Naturalization is the process by which a foreign national becomes a U.S. citizen after meeting requirements set by Congress in the Immigration and Nationality Act (INA). This pathway to citizenship is available to eligible lawful permanent residents (Green Cards holders) who wish to fully participate in the civic life of the United States. The process involves several steps, stringent eligibility criteria, and a commitment to uphold U.S. laws and values. Let's explore the deeper aspects of naturalization, including eligibility, the application process, the examination, and the significance of achieving U.S. citizenship.


Applying for and receiving U.S. citizenship is often the culmination of a long journey for many immigrants. Why should you apply for U.S. citizenship? There are certain privileges and rights that are afforded only to U.S. citizens, such as the right to vote, obtain a security clearance, hold specific jobs at the state or federal level such as an officer in the U.S. Armed Forces, a police officer in many states and protection from deportation. As a Lawful Permanent Resident (LPR), you have the right to live, work, and remain in the U.S. indefinitely. However, certain actions such as getting arrested or failing to notify USCIS of a change of address within the statutorily mandated period could result in revocation of LPR status and institution of removal proceedings. 

The laws regarding Citizenship have changed several times with different requirements and filing requirements depending on the basis under which the applicant is applying, such as through service in the U.S. Armed Forces, Abused Immigrants who are LPR, spouse of a U.S. Citizen, or employment-based LPR applicants. 

Qualification and when a person qualifies for U.S. Citizenship depends on multiple variables such as how the applicant obtained LPR status, arrest history, ability to demonstrate good moral character, tax-filing history, claiming to be a U.S. Citizen orally or in writing, time spent abroad which could be interpreted that the applicant intended to abandon their LPR status. 

Accordingly, it is recommended to contact an immigration attorney to review your current immigration status and identify appropriate steps and strategies for applying. It is also worth noting that an applicant's entire immigration history is subject to review during an application for naturalization. Certain actions taken prior to applying for Citizenship could lead to revocation of the applicant's Green Card.

Contact Cruise Law Group to schedule a free consultation and to determine your legal options. You can expedite this process by completing our Immigration Intake Form  

All information and content on this website are provided for informational purposes. None of this website's content should be construed as a legal opinion, advice, or substitute for obtaining independent legal advice from a licensed attorney. Any testimonials listed on this website should NOT be interpreted to guarantee future success on similar cases.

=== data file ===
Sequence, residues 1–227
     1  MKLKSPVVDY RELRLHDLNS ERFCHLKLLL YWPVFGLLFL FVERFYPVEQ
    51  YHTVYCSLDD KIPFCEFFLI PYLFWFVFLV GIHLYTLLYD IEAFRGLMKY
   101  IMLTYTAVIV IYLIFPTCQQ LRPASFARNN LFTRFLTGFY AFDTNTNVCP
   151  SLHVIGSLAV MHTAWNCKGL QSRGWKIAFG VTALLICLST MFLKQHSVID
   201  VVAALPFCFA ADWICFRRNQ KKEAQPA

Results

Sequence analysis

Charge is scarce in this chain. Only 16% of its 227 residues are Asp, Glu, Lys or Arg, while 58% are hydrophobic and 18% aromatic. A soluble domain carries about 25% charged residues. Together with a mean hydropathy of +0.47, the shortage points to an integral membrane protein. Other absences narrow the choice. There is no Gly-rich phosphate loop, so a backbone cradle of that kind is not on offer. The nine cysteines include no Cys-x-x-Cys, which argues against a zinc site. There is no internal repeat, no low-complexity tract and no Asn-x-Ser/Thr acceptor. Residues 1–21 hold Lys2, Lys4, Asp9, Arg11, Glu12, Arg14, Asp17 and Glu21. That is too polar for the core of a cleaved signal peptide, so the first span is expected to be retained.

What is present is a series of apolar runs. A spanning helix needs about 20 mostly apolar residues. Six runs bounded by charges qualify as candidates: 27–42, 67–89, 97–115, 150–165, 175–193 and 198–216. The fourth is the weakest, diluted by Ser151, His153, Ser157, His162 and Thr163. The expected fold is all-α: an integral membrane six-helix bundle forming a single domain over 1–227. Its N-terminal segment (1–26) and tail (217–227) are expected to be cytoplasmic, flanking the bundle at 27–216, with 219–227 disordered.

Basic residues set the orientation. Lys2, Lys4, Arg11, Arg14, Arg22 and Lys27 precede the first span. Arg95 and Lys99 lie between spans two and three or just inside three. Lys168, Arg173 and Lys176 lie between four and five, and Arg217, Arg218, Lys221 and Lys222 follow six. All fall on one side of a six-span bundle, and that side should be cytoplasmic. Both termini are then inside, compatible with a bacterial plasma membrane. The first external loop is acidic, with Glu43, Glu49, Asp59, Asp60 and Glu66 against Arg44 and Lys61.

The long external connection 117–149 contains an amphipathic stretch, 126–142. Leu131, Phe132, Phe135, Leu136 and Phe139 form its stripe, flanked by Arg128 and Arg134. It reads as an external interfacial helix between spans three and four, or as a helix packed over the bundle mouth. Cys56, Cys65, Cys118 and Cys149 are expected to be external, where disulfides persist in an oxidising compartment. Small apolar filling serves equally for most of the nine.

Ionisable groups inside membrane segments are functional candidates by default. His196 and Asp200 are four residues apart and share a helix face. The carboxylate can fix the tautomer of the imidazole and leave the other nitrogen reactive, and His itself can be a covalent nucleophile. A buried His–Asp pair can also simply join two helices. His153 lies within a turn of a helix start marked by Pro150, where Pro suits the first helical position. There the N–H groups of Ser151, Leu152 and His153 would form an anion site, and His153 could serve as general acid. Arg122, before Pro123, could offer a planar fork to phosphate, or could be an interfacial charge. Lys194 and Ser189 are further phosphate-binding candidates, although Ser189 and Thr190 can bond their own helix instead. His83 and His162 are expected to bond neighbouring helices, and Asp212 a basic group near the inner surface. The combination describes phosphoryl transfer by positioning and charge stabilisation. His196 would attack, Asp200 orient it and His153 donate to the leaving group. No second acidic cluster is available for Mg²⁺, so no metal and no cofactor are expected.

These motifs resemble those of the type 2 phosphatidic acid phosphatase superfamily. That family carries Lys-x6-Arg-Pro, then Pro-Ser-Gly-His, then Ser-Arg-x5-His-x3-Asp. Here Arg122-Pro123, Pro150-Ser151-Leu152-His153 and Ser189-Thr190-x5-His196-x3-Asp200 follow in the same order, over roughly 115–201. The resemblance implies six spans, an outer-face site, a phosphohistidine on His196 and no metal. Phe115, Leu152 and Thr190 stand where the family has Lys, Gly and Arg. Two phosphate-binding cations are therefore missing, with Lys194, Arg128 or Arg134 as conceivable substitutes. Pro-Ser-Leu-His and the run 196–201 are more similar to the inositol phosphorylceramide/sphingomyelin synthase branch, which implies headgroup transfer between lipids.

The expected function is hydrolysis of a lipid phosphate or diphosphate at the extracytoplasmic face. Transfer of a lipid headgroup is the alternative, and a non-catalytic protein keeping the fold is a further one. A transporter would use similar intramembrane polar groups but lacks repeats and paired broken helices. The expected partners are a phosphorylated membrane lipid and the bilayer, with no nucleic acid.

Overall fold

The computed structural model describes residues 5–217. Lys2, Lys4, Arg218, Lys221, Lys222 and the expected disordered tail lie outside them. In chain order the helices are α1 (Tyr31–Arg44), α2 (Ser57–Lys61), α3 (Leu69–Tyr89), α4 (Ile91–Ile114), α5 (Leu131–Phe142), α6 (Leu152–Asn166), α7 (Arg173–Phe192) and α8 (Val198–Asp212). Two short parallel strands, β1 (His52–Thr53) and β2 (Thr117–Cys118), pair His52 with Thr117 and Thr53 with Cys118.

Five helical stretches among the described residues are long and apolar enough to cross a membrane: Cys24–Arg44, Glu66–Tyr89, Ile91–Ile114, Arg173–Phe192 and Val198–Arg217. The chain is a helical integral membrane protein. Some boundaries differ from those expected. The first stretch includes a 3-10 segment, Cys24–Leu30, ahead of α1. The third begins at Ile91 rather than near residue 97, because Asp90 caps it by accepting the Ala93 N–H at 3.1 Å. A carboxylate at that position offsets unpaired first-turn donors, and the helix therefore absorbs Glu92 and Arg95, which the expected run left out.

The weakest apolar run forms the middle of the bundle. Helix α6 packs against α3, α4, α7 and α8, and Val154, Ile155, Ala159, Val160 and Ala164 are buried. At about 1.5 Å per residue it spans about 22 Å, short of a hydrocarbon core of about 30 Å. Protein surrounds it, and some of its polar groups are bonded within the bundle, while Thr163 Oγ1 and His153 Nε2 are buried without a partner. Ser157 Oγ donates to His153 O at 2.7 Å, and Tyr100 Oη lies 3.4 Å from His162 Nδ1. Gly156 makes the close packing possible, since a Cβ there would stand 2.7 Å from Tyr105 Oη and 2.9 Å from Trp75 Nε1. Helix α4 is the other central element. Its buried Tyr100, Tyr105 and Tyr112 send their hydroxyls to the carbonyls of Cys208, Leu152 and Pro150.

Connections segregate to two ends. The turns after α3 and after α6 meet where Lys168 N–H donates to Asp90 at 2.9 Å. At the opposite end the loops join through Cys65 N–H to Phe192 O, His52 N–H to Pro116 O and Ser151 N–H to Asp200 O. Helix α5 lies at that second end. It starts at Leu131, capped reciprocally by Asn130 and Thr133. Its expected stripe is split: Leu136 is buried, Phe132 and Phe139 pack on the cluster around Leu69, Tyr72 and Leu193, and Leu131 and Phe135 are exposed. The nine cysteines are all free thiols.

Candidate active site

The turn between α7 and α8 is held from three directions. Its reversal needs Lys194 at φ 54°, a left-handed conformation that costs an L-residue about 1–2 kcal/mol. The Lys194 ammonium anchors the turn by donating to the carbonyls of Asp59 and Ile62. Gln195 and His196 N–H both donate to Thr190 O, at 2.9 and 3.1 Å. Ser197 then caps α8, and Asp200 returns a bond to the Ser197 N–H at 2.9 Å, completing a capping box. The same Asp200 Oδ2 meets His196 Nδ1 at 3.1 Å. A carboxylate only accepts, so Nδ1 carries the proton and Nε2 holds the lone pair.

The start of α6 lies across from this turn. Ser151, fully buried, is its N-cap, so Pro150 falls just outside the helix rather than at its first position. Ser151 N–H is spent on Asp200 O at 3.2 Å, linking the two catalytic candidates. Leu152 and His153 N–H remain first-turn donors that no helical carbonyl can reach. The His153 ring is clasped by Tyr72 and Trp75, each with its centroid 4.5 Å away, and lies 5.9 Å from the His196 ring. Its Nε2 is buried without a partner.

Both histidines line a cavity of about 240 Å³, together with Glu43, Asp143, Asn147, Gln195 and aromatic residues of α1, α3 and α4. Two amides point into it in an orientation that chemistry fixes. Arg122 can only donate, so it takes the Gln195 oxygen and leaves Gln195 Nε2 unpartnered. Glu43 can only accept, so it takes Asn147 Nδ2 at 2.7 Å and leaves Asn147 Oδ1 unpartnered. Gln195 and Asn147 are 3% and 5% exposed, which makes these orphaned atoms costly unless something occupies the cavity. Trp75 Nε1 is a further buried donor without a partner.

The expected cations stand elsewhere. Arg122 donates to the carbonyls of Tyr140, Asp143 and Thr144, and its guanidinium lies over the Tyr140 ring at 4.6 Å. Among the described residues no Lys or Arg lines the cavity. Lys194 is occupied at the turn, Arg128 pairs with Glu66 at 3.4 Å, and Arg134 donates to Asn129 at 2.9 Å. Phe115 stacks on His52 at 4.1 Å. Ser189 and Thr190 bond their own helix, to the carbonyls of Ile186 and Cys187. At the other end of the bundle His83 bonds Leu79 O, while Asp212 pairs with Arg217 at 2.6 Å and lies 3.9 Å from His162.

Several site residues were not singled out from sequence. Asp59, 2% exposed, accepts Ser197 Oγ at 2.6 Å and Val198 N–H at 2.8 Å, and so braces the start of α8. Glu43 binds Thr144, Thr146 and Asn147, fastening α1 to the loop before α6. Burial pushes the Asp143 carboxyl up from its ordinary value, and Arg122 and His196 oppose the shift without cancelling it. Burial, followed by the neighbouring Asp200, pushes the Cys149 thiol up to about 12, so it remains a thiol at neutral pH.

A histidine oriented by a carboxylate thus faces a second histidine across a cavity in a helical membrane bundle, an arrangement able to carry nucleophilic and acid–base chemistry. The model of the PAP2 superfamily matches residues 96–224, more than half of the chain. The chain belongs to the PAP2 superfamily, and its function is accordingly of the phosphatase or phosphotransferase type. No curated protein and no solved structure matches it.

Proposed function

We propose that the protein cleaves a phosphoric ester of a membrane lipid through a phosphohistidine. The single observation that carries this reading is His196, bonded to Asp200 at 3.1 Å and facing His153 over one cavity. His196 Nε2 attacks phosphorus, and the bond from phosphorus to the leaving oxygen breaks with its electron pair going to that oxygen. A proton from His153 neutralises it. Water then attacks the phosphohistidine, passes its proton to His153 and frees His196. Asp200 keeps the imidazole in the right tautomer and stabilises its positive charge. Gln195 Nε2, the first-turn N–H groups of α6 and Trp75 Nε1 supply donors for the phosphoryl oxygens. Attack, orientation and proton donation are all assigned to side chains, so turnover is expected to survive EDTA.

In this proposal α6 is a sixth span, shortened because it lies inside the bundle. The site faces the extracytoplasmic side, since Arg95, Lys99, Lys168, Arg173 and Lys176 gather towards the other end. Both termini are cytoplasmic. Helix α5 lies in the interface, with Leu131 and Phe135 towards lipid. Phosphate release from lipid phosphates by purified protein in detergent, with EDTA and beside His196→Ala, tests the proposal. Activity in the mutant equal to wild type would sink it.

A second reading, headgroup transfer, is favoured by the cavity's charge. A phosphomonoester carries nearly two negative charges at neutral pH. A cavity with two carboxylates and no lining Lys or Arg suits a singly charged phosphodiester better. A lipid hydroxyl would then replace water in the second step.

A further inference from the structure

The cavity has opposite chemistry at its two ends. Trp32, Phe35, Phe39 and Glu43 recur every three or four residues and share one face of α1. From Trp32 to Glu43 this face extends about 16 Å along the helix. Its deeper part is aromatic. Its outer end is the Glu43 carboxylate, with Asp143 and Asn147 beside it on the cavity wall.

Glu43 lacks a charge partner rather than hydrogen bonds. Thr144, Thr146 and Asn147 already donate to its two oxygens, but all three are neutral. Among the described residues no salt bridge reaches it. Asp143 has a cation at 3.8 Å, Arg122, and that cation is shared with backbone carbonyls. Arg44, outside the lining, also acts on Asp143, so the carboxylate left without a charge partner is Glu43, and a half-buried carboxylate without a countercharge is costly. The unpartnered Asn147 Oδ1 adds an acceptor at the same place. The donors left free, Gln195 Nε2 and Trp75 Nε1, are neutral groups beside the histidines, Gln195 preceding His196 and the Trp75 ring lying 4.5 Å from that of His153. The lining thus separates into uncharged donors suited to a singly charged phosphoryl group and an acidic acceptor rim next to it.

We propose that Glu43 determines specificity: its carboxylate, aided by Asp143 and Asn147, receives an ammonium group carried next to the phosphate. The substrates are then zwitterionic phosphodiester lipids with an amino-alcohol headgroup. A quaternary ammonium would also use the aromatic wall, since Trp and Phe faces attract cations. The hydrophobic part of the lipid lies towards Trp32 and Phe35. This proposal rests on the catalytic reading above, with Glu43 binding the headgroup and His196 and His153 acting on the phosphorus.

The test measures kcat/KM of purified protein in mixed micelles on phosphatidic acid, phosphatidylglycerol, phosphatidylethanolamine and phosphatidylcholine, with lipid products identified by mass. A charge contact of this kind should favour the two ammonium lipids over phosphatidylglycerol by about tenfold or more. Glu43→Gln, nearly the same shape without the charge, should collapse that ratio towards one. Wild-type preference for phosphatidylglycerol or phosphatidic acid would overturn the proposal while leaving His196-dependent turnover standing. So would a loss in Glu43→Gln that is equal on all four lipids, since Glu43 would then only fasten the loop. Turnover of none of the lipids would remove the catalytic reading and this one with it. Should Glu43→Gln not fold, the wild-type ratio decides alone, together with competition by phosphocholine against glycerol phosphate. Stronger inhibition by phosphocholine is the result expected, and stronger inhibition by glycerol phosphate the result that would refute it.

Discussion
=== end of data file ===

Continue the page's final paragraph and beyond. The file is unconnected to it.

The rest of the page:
Eligibility Naturalization 

Applicants must meet several criteria to be eligible for naturalization: 

1. Age: Must be at least 18 years old at the time of filing.

2. Lawful Permanent Resident (LPR): Must have been a lawful permanent resident for at least five years, or three years if married to a U.S. citizen (Also 3 years for VAWA applicants of a USC). 

3. Continuous Residence: Must have continuously resided in the U.S. as an LPR for at least five years immediately preceding the application and have been physically present in the U.S. for at least 30 months out of those five years (or 18 months out of three years if married to a U.S. citizen). 

4. Good Moral Character: Must demonstrate good moral character for the five years (or three years for spouses of U.S. citizens) preceding the application and up to the time of naturalization. 

4. English Language Proficiency: Must be able to read, write, and speak basic English (exceptions apply for age and long-term residency). Components: English Test: Consists of speaking, reading, and writing components. The USCIS officer assesses speaking ability during the interview, and applicants must read and write sentences correctly to demonstrate English proficiency. Civics Test: Covers U.S. history, constitution, and government. Typically, the applicant must answer six out of ten questions correctly to pass, chosen from a pool of 100.

5. U.S. History and Government Knowledge: Must pass a civics test, covering U.S. history and government principles (exceptions apply for age and medical disability). 

6. Attachment to the Constitution: Must be willing to support and defend the U.S. and its Constitution.

Application Process

1. Form N-400: The process begins with the submission of Form N-400, Application for Naturalization. 

2. Biometrics Appointment: After submitting the application, USCIS schedules a biometrics appointment for fingerprinting, which is used for a background check. 

3. Interview and Exam: Applicants are scheduled for an interview with a USCIS officer, where they will also take the English and civics tests, unless exempted. 

4. Decision: USCIS makes a decision on the naturalization application based on all the information and evidence provided. Examination  

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